Jason Sperling Senior VP/Group, RPA

In our most recent Creative Pursuits,we caught up with Jason Sperling, Senior VP/Group Creative Director from Santa Montica-based RPA.

What are you currently working on?

At the present moment we’re putting the finishing touches on our Super Bowl commercial and our CR-V campaign. We’re getting set to launch big initiatives for several cars this year. And then pile on top of that campaigns to support every other car in the lineup, all our regional work and everything we do to support our social channel. It’s a big workload, but it’s a big brand with a lot of creative potential.

Describe what it was like being the CD behind the Mac vs. PC campaign. When you were working on the campaign, did you expect it to take off in the way it did?

Well, creatively, yes. It was very different, albeit true to Apple’s tone and voice. But back then, Macs were still that ‘other computer’, and even though Apple had hit its stride with the iPod and iTunes, there wasn’t the halo effect you see today. So I was surprised that when we went for the PC jugular, it really resonated with PC users and helped the Mac catch on.

Working on Apple has also turned me into somewhat of an impassioned perfectionist. I expect people to care, push and set a high bar for themselves the same way I do.

How would you say your work has evolved over the years?

A few ways. Obviously with the influence of digital and social, and media truly evolving into a creative platform, it’s changed the way I think about things when developing campaigns. Working on Apple has also turned me into somewhat of an impassioned perfectionist. I expect people to care, push and set a high bar for themselves the same way I do. To not be satisfied with first ideas, to protect it from people who don’t understand its potential, and to sweat every last detail on a project until it’s finally out the door.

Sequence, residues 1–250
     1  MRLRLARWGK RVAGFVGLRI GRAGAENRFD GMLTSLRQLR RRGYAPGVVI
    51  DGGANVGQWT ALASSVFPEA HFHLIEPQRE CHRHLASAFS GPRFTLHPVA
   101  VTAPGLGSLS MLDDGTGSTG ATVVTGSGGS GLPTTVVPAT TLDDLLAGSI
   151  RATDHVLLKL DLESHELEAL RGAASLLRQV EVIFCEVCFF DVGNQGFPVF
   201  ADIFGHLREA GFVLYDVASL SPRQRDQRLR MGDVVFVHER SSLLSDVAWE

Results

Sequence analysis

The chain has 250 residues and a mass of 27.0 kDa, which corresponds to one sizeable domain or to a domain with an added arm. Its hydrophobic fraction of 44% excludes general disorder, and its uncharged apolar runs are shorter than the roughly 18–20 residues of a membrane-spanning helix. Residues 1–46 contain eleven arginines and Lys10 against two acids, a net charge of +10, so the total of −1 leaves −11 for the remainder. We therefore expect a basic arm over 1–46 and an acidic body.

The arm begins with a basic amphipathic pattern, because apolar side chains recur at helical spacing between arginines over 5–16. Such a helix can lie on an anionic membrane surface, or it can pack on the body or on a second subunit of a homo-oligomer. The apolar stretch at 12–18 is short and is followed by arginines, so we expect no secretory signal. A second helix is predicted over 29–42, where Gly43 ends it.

Formal education vs. work experience: which is more valuable in advertising?

I think a formal education just makes you a smarter, more interesting person. And ultimately that makes your work smarter and more interesting. But I don’t think you need to come from a Portfolio Center, Creative Circus or Academy of Art to know how to create a good idea. Plus with the way the industry is changing the training you get from those schools has an expiration date. Ultimately, smart people will adapt and do well. And that’s something you can’t teach.

Rumor has it you created an iPad app for kids. Could you tell us a little more about that?

It’s something I developed before I left Apple. When I started working on the marketing for iPad, I thought this thing would have a huge impact in schools. I could see textbooks consolidating themselves into this one device and becoming this amazing new interactive experience. And if all your textbooks were on this thing, why couldn’t your notebooks and notes be on it too? So I came up with Totes M’ Notes, which hearkens back to the old Pee Chee two pocket folders we used in grade school. You can write all over them, cover them with stickers, but then inside, you can take notes, share notes, and have really powerful school tools. Plus being in advertising, I thought it could be interesting if you licensed the folders like you would real ones, but embed all that cool iPad technology. Anyways, it’s an experiment, but its been fun to launch something on your own.

Best thing to happen in music/film/books in 2011?

I think this question might be a little expired. Although I’d say the influence of technology on all these things over the year has been pretty invigorating. Digital movies, 3D programs on TV, ebooks….

Worst thing – the breakup of R.E.M.